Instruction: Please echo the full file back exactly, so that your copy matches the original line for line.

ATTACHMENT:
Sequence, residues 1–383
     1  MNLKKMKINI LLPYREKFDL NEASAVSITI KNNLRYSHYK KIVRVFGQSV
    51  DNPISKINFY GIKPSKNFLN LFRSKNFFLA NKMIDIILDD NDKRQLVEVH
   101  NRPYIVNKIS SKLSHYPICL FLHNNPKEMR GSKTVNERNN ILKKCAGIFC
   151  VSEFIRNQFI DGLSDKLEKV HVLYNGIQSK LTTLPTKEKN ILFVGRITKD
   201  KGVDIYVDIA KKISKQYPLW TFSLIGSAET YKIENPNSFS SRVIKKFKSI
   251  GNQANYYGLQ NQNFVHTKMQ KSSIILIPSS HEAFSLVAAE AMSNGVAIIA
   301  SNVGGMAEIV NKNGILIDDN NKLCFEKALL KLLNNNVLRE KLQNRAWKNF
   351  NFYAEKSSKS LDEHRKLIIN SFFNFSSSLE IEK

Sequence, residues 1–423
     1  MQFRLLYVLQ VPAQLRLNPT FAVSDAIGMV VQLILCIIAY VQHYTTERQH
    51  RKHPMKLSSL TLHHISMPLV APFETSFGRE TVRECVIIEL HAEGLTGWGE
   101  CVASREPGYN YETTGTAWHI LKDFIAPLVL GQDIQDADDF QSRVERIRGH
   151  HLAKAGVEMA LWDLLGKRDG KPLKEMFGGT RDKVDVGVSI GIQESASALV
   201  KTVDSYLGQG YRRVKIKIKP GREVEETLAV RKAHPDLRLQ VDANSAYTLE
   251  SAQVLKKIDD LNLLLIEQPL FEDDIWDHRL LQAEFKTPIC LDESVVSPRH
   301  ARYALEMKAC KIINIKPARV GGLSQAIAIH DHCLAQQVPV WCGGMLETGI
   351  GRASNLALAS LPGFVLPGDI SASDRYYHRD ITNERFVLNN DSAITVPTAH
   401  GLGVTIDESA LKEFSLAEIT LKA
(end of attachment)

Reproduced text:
Sequence, residues 1–383
     1  MNLKKMKINI LLPYREKFDL NEASAVSITI KNNLRYSHYK KIVRVFGQSV
    51  DNPISKINFY GIKPSKNFLN LFRSKNFFLA NKMIDIILDD NDKRQLVEVH
   101  NRPYIVNKIS SKLSHYPICL FLHNNPKEMR GSKTVNERNN ILKKCAGIFC
   151  VSEFIRNQFI DGLSDKLEKV HVLYNGIQSK LTTLPTKEKN ILFVGRITKD
   201  KGVDIYVDIA KKISKQYPLW TFSLIGSAET YKIENPNSFS SRVIKKFKSI
   251  GNQANYYGLQ NQNFVHTKMQ KSSIILIPSS HEAFSLVAAE AMSNGVAIIA
   301  SNVGGMAEIV NKNGILIDDN NKLCFEKALL KLLNNNVLRE KLQNRAWKNF
   351  NFYAEKSSKS LDEHRKLIIN SFFNFSSSLE IEK

Sequence, residues 1–423
     1  MQFRLLYVLQ VPAQLRLNPT FAVSDAIGMV VQLILCIIAY VQHYTTERQH
    51  RKHPMKLSSL TLHHISMPLV APFETSFGRE TVRECVIIEL HAEGLTGWGE
   101  CVASREPGYN YETTGTAWHI LKDFIAPLVL GQDIQDADDF QSRVERIRGH
   151  HLAKAGVEMA LWDLLGKRDG KPLKEMFGGT RDKVDVGVSI GIQESASALV
   201  KTVDSYLGQG YRRVKIKIKP GREVEETLAV RKAHPDLRLQ VDANSAYTLE
   251  SAQVLKKIDD LNLLLIEQPL FEDDIWDHRL LQAEFKTPIC LDESVVSPRH
   301  ARYALEMKAC KIINIKPARV GGLSQAIAIH DHCLAQQVPV WCGGMLETGI
   351  GRASNLALAS LPGFVLPGDI SASDRYYHRD ITNERFVLNN DSAITVPTAH
   401  GLGVTIDESA LKEFSLAEIT LKA